Akeem Ayers, Andre Johnson, Arian Foster, Barrett Ruud, Blaine Gabbert, Brooks Reed, Chris Johnson, Clint Session, Cortland Finnegan, David Garrard, Dawan Landry, Dwight Freeney, Gary Brackett, Gary Kubiak, houston texans, Indianapolis Colts, J.J. Watt, Jack Del Rio, Jacksonville Jaguars, Jake Locker, Jeff Saturday, jonathan joseph, Joseph Addai, Kenny Britt, Kerry Collins, Mario Williams, matt hasselbeck, Matt Schaub, Maurice Jones-Drew, Owen Daniels, Paul Posluszny, Peyton Manning, Rashad Jennings, Robert Mathis, Tennessee Titans, Tyson Alualu, Wade Phillips
The AFC South is a funny division to try to predict. This of course excludes the Colts, who have made the playoffs all but one year since 1999, and have a ridiculous streak of making the playoffs since 2002. Who will end where in the conference, however, is a bit of a crapshoot, with each team having finished at least second in the division over the last three seasons. This year is similar in many ways, with each team being solid, but not great. Of course, this division also has one of the tougher out-of-division matchups, playing the NFC South and the AFC North. With that in mind, here are the 2011 AFC South predictions:
Andy: The Titans are coming off a poor 2010 season, but they still managed to finish 6-10 when it could have been a lot worse. Matt Hasselbeck is easily the biggest free agent acquisition, and an important one. He will be a great mentor to rookie QB Jake Locker and can still play good football. He’s an injury risk, but should be able to stay healthier behind a much better o-line than he had in Seattle. His weapons are ok, with Kenny Britt looking to break out if he can stay healthy and not suspended. Nate Washington, Justin Gage and Jared Cook are also okay options, and can help keep teams honest. Of course, the real offensive weapon is Chris Johnson, who, assuming he is re-signed in time, is bound to have another great season (when 1364 yards is an off-season, you know you have a great RB). He has a strong offensive line to run behind, and should have more opportunities with Hasselbeck at the helm. The Titans defense is bound to be tough as usual, and rookie OLB Akeem Ayers and newly signed MLB stud Barrett Ruud should vastly improve their LB corps. They also have a solid secondary, good enough to at least keep them competitive with the pass-happy Colts and Texans. Overall, this team is likely to look competitive, but not enough so to be a playoff contender.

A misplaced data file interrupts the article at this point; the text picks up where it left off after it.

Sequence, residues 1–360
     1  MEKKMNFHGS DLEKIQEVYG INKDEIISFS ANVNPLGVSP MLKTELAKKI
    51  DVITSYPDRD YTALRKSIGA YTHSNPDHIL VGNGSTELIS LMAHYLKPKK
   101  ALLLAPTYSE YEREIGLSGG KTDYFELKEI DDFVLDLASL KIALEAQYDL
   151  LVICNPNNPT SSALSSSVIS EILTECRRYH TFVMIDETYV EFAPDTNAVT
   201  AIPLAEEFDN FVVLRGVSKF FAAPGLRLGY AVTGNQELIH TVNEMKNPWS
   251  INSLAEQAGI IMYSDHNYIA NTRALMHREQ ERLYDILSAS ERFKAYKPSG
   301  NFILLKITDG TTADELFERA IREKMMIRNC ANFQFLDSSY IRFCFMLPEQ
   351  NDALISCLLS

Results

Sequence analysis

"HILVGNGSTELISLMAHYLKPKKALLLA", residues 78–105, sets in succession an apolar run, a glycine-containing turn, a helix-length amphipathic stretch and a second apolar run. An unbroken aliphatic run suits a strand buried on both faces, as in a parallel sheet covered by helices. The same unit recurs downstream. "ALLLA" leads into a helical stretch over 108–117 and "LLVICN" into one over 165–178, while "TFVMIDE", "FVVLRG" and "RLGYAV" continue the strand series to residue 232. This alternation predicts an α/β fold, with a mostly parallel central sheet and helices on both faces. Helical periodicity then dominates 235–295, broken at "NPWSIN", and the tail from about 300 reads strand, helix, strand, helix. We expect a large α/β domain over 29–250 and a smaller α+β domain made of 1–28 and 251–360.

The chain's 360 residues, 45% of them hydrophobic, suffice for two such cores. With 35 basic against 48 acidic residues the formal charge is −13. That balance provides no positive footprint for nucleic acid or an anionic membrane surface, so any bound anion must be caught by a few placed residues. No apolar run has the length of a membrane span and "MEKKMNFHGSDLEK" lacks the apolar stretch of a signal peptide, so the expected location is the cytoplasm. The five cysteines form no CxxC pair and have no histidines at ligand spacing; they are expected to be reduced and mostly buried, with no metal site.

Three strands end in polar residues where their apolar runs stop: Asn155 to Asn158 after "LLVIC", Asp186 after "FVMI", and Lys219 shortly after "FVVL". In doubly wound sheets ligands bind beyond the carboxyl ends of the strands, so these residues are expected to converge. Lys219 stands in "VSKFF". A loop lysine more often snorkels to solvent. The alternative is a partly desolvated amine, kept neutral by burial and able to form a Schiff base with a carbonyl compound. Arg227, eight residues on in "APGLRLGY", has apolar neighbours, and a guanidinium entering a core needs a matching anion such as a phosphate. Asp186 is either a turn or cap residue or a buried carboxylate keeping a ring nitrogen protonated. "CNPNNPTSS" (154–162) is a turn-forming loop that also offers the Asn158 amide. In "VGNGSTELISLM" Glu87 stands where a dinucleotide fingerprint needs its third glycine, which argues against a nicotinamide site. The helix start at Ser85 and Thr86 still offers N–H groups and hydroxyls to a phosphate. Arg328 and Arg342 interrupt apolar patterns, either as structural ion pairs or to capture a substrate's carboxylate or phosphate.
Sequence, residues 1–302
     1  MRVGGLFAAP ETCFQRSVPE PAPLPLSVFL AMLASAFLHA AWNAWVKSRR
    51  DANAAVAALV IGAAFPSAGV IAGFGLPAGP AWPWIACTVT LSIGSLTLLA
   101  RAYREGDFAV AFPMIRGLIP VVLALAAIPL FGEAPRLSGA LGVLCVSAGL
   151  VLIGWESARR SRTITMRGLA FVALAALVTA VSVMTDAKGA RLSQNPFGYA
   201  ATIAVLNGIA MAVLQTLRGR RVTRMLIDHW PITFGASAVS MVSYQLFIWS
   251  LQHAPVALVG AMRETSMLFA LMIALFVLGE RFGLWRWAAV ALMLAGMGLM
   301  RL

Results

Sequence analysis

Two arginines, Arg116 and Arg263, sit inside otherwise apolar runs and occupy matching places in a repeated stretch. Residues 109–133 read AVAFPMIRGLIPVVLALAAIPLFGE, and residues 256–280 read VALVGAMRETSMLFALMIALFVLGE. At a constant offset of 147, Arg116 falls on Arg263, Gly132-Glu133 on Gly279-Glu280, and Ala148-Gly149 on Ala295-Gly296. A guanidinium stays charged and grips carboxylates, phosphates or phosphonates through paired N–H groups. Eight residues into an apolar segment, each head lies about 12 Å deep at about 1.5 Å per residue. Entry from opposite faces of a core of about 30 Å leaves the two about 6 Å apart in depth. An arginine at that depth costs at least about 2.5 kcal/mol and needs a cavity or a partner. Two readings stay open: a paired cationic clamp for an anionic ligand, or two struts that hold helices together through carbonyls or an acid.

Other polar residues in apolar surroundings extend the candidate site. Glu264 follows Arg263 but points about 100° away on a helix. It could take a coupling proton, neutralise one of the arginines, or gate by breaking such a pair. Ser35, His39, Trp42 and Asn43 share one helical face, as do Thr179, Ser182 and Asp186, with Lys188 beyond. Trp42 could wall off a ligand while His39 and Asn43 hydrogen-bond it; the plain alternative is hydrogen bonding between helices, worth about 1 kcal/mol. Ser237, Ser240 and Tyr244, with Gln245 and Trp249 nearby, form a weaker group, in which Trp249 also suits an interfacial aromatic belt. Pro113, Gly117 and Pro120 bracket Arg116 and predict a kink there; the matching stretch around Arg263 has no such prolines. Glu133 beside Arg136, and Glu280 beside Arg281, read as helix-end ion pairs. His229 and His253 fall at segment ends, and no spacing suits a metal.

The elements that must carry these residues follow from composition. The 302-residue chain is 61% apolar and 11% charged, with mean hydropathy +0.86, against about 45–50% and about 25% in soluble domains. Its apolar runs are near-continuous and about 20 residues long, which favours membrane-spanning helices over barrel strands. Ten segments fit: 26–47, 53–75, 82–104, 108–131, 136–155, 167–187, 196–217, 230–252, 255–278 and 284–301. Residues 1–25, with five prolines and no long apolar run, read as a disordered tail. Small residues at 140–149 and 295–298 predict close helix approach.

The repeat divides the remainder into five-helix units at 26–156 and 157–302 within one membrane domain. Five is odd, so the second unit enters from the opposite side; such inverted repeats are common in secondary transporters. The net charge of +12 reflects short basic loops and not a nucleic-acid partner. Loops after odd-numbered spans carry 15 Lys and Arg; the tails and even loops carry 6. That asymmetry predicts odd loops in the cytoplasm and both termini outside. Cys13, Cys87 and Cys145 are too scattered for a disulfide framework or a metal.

Cole: This is going to sound like I like the Titans, and I do, but this is going to be a rough year for them. I think Hasselbeck is a perfect mentor for Jake Locker. We know Locker can run, but we’re not sure if he can throw, whereas Hasselbeck has fought his whole career to be a successful starter and can motivate and teach this kid how to play the game. The Titans don’t have to rush to start him (though the fan base will push for it). This team still lacks top end wide receivers, though Kenny Britt has promise if he could just keep himself out of trouble. The biggest strength of this offense is the run game, anchored by a very stout offensive line and CJ2k. Chris Johnson’s holdout is going to be a problem. For the record I think he should get paid, though nowhere near what he’s asking simply because the value of his position is nowhere near that. I think he’d be hard pressed to get that on the open market frankly (unless the Redskins are in the market).